June 14, 2017
Today, Tom talks with bioethicist Dr. Jeffrey Kahn about clinical trials and diversity. Why is so much medical research still done with white subjects — and more often with men rather than women — and what are the consequences of that, particularly for women and people of color?
If clinical trials are done by examining only parts of our society, what does that mean for the efficacy of the findings, and how reliably can those results be extrapolated to apply to the rest of the population?
And what are the consequences when that research is then used to develop treatments? Will they be effective for everyone, or primarily just for the group at the heart of the research?
To wit: African Americans have a far greater incidence of Alzheimer’s Disease and a far lower rate of inclusion in clinical trials. What, if any, is the connection between those two realities?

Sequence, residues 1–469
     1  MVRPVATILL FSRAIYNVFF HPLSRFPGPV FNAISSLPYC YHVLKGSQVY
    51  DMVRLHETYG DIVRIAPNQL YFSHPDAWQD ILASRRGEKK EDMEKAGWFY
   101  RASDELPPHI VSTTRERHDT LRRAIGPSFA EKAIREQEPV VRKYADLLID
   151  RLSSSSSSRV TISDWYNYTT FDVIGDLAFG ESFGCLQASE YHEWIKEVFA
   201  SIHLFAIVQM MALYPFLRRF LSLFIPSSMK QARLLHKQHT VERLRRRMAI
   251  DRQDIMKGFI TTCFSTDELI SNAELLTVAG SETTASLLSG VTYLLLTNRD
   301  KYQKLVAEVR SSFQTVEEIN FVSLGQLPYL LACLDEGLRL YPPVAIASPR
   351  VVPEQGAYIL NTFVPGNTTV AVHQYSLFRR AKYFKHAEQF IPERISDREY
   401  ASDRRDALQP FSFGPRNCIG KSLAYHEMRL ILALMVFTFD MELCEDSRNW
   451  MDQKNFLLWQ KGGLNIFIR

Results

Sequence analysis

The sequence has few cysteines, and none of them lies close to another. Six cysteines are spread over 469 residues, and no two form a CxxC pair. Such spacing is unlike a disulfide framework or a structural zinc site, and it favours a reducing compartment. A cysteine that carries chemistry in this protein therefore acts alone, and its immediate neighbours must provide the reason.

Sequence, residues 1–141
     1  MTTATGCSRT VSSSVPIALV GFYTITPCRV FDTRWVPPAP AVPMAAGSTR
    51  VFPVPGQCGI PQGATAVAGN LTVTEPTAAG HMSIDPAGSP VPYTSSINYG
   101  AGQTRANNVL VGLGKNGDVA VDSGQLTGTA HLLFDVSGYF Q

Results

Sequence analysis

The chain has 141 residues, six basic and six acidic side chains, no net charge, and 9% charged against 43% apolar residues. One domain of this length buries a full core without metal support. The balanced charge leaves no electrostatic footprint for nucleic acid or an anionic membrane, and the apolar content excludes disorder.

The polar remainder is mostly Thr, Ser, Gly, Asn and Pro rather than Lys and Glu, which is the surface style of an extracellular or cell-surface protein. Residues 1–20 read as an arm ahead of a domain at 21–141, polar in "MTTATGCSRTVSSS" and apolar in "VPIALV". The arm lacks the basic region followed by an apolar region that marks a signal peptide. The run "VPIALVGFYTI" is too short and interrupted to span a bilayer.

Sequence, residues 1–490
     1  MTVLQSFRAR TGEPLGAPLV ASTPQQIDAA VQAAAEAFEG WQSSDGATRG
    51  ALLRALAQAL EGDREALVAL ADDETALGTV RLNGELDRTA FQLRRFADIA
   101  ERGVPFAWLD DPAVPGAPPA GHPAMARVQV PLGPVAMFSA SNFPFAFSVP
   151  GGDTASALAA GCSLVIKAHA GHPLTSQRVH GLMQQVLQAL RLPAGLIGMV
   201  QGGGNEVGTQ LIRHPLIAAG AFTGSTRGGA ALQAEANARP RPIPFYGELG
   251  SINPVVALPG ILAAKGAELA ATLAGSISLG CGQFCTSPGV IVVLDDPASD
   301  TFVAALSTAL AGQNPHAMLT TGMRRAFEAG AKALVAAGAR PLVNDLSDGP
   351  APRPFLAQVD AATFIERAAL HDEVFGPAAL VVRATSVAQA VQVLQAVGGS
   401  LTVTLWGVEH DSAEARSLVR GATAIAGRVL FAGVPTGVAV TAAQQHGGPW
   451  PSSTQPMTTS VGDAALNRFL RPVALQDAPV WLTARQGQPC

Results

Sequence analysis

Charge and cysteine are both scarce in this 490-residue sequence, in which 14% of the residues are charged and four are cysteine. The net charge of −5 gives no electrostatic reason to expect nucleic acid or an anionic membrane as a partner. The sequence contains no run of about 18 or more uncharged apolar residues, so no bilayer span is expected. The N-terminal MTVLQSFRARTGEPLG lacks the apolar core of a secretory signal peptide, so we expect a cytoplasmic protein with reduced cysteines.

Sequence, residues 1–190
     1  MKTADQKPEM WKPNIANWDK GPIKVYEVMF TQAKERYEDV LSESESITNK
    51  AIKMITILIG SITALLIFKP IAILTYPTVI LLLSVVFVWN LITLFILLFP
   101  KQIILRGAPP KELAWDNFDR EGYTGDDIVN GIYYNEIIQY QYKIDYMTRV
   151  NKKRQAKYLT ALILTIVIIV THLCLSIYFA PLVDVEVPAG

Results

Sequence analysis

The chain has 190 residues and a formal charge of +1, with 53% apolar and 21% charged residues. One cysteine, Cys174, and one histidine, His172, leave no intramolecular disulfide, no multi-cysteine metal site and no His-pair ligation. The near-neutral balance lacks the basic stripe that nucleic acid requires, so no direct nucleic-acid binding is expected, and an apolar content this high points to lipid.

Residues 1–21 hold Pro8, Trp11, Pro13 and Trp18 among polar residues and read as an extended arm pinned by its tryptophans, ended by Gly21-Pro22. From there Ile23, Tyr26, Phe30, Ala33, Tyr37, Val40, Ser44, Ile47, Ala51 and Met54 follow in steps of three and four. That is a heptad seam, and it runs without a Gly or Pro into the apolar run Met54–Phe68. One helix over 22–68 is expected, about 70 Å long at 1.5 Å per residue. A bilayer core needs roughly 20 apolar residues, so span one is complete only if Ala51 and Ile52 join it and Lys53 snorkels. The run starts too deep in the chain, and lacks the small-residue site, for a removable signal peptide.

Dr. Jeffrey Kahn is the Director of the Johns Hopkins Berman Institute of Bioethics and he stops by Midday from time to time to talk about how ethicists help us frame complex questions like these.
The views, opinions and positions expressed by these authors and blogs are theirs and do not necessarily represent that of the Bioethics Research Library and Kennedy Institute of Ethics or Georgetown University.